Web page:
Okay, so the results of my poll are in, and the next big creature in urban fantasy is… a tie between the Jackalope and the Wendigo. So let’s have a writing prompt featuring these two fine fellows. Write a story that includes a jackalope and a wendigo. Bonus points if you make the jackalope into a wendigo. (If you’ve ever played D&D, just think of the wendigo as a template that you apply to the jackalope). Have fun!
Gray’s Anatomy is an outstanding reference that every writer should own. When you’re regularly stabbing, shooting or otherwise maiming your characters, it makes your writing more realistic when you understand exactly what’s being damaged, the potential blood loss from such a wound, what muscles would be impaired, and so on. I bought a hardcover copy back when I was in college; it’s three inches thick and weighs about 5 lbs. But I recently found an edition for the iPad that has 3D versions of a lot of the images. This is great because you can rotate a picture of the heart and lungs and see what they look like from all sides. That’s very handy when you’ve just shot your main character in the chest and need to know where the bullet would have to go to puncture a lung but not pierce the heart. I found a cool image of the intestines too, and that got me thinking about the appendix. The appendix is a completely useless organ that can cause a ton of trouble if it gets inflamed, but that’s about it. From what I’ve read, scientists agree that the appendix did something at one point, no one quite knows what that something was.
So let’s make something up. Write a story where the appendix’s purpose is explained. You can be benevolent (it’s an organ that generates luck or positive energy) or malicious (it’s a self-destruct button that can be triggered by hostile aliens).
Have fun, and happy writing!
When Fall hits New England, you can usually find a ton of caterpillars crawling around. Some of them are covered in soft, brown and black fur, earning them the nickname ‘wooly bear caterpillars.’ However, I found this link, which shows that the affable caterpillar that I’ve grown up with has some downright evil cousins.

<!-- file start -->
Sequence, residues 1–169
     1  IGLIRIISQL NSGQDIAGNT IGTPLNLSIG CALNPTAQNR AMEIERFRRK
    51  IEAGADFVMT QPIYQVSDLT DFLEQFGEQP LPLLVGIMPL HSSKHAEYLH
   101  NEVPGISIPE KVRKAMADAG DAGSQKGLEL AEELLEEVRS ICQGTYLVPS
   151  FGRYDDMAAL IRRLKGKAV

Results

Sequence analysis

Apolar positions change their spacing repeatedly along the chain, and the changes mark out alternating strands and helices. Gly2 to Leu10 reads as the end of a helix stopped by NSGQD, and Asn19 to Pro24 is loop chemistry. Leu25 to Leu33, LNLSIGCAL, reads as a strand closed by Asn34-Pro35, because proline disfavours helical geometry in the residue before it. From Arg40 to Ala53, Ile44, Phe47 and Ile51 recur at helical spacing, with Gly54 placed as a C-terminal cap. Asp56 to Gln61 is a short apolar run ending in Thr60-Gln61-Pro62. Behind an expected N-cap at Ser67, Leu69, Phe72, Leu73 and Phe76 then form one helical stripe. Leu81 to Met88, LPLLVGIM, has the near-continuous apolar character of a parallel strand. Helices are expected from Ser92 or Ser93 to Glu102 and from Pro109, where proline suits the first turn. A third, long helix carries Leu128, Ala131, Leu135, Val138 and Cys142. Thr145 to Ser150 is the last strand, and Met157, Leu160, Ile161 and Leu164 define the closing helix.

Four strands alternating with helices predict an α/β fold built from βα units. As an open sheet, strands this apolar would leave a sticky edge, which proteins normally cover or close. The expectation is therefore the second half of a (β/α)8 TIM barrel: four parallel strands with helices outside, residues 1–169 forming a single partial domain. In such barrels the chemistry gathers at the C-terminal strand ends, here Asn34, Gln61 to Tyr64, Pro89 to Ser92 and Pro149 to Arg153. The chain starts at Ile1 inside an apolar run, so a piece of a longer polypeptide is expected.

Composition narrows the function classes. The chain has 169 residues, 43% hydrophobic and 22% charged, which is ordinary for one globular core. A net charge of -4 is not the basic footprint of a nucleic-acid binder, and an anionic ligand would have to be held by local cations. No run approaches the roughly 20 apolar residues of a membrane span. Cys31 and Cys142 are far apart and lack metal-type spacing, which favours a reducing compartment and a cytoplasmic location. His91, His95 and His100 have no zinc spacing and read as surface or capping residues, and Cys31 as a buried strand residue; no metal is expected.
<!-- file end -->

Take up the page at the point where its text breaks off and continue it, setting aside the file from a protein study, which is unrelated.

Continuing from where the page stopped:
So here’s a writing prompt for you. Take something that you’d normally think of as happy, cute or cuddly, and make it as deadly and vicious as possible. For inspiration, think of Monty Python’s Killer Rabbit, or Mr. Spock’s pet Sehlat (a teddy bear with 6-inch fangs).
So I’ve been dark for a couple of weeks. I’d love to say this was because I was locked up in my Writing Cave, pounding out thousands upon thousands of words in the WIP. Or I’d love to say that it was because the Justice League had recruited me for a secret mission in an alternate dimension and I’ve been out saving the world. The truth of it though, is that I was horrifically sick. I had to be hospitalized twice due to a very high fever and the fact that I couldn’t keep fluids down. So it was an unpleasant experience in every possible way. It’s mostly over now though, and I’m slowly getting things back to normal.
So let’s celebrate my return with a writing prompt. Invent a sickness that does terrible things, but also provides one positive effect to someone who survives it. Maybe it’s a flu that destroys 90% of your lung tissue but gives you psychic powers, or something like that.
Happy writing, and everyone stay healthy!
One of the things I love about urban fantasy is how it can be used to explain conspiracy theories and other unexplained phenomenon. For example, Chris Farnsworth’s The President’s Vampire does a nice job of telling what happened both to JFK and John Wilkes Booth. But stories don’t have to deal with a national threat to be interesting. I came across this article about rare minerals on Wired.com, and found it to be a goldmine of writerly potential (yes, pun intended). It’s not because the article has any earth-shattering info; instead the article tosses out some interesting factoids about each mineral’s discovery (or disappearance). There are almost no properties listed for these minerals, or what they could be used for. That means it’s open season for someone with a little imagination.
So, here’s a little writing exercise for you – pick one of the minerals listed and use it as the focal point of a short story. It can be something like “Wawayandaite is 300% more deadly to fae than iron, and a group of renegade Druids is about to turn on their former fae allies” or “Tugtupite is the most powerful aphrodisiac for Chupacabras, and someone’s been dumping it in large quantities, causing the Chupacabra population to increase and they’re now openly attacking humans.”
Have fun, and if you’d like, feel free to throw your idea out in the comments to inspire others!